Lecture Slides PSY201 10.7.13

# then the variance of the sample should tell us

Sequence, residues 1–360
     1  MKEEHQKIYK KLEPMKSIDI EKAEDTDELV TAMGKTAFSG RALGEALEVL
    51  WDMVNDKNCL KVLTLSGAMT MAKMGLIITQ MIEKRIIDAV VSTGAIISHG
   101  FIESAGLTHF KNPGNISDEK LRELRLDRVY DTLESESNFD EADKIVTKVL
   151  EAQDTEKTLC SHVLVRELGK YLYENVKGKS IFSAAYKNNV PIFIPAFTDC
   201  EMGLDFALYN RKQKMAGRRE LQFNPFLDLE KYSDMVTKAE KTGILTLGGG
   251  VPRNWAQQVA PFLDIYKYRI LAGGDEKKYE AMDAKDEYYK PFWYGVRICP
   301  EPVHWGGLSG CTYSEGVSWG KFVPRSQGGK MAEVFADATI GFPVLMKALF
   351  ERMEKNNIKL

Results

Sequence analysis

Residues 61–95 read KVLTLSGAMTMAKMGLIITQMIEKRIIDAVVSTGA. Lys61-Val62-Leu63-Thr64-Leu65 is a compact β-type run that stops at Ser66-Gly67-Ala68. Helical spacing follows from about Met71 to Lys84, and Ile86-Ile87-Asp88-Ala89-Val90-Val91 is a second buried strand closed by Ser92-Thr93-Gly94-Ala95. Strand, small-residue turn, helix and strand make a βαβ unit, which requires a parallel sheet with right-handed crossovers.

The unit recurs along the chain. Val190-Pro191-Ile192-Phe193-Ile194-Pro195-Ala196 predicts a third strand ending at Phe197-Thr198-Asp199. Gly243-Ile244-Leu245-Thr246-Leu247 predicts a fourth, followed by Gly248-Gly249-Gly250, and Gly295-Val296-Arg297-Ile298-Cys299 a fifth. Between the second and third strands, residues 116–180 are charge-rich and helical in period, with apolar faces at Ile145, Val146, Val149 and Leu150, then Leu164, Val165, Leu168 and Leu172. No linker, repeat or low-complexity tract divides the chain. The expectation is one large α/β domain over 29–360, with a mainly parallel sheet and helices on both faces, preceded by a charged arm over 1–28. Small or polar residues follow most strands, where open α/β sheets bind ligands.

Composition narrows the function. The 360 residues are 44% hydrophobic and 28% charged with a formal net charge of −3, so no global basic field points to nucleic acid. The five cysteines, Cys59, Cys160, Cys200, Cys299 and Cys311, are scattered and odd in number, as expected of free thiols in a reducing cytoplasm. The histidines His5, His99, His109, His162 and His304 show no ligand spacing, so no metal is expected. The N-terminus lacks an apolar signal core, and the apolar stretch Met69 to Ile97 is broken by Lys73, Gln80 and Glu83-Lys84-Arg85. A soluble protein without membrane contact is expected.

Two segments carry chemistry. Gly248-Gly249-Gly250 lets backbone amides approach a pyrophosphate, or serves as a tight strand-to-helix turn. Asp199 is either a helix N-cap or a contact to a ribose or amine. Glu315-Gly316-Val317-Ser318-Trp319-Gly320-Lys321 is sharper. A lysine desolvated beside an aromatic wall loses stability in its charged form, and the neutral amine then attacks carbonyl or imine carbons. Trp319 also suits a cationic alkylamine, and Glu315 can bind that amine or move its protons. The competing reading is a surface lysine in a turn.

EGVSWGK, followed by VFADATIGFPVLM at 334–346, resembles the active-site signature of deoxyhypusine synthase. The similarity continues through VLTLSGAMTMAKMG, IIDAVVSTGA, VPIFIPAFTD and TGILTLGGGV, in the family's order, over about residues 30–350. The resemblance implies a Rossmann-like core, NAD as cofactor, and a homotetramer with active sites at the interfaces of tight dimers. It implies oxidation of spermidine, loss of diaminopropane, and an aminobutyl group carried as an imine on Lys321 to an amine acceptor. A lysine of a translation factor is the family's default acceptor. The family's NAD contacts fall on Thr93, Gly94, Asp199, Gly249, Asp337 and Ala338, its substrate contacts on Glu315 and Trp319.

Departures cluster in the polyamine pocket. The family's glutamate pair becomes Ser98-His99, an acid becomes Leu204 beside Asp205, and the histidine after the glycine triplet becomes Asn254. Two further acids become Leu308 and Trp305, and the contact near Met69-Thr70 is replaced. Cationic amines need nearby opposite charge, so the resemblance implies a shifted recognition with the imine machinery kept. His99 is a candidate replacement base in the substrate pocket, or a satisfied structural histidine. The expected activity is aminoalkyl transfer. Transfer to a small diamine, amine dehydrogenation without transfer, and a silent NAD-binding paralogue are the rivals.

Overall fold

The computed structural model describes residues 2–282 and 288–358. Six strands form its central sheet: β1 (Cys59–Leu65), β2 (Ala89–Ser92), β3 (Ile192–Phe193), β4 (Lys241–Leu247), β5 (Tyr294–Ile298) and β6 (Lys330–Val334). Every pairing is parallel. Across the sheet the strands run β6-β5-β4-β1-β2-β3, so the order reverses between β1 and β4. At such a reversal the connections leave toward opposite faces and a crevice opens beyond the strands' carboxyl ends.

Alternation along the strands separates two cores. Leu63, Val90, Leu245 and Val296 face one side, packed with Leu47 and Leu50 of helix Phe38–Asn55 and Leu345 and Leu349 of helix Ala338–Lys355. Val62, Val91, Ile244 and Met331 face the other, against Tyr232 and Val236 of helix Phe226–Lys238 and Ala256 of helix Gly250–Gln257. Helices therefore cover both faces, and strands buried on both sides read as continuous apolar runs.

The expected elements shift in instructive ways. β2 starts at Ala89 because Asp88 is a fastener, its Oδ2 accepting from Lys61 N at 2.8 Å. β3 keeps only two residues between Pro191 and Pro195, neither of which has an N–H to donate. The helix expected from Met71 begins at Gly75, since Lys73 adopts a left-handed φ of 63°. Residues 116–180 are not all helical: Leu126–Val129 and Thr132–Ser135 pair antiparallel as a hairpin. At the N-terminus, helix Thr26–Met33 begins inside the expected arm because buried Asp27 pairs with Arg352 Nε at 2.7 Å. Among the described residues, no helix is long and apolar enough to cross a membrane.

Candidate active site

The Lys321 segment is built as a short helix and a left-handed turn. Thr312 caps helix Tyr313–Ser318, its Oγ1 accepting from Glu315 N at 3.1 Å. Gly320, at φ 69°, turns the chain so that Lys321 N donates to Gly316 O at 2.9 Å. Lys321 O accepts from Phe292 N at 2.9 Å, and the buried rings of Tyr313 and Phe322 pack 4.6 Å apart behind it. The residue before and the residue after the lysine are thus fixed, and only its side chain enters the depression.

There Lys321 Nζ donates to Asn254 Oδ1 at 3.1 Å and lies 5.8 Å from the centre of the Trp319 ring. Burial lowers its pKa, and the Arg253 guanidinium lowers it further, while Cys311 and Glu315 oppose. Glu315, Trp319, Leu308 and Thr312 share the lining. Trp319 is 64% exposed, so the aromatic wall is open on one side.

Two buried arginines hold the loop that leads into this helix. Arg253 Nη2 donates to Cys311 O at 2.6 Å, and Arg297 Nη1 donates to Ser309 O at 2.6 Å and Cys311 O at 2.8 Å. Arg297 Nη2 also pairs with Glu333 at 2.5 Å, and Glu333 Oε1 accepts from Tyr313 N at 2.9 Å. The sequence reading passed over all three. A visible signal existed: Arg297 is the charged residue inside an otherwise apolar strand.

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Unformatted text preview: but an unknown variance 2 10/6/13   If the variance of a popula>on is not known, we can es4mate it.   Usually, the only informa>on we have available about a popula>on is the informa>on that we know about a sample   We assume that Popula>ons 1 and 2 have the same variance   If the sample that we collect informa>on about is representa(ve of the popula>on...   Then the variance of the sample should tell us something about the popula>on ▪  If the sample has liSle variance, then the popula>on probably has liSle variance ▪  If the sample has a lot of variance, then the popula>on probably has a lot of variance   The variances of the samples (boSom row) is similar to the variances in the popula>ons they are drawn from (top row) 3 10/6/13   The sample’s variance cannot be used directly as an es>mate of the popula>on variance.   It can be shown mathema>cally that a sample’s variance will, on average, be a bit smaller than its popula>on’s variance.   Because of this, the variance of the sample would be considered a biased es(mate of the popula>on variance   It is “biased” because it systema>cally underes>mates the actual variance of the popula>on   Remember, the equa>on for the variance of a sample is: SD2 = Σ(X – M)2/N or SD2 = SS/N   No>ce we are no longer using σ2 because we’re talking about a sample sta>s>c (not a popula>on parameter)   In order to get an unbiased es4mate of the popula>on variance, we adjust the equa>on slightly…   Remember, the equa>on for the variance of a sample is: SD2 = Σ(X – M)2/N or SD2 = SS/N   No>ce we are no longer using σ2 because we’re talking about a sample sta>s>c (not a popula>on parameter)   Unbiased es4mate of the popula>on variance 4 10/6/13   Degrees of freedom   Number of scores that are “free to vary”   There are N – 1 because when ﬁguring the devia>ons, each score is subtracted from the mean… Thus, if you knew all the devia>on scores but one, you could ﬁgure the last one given the mean   Equa>...
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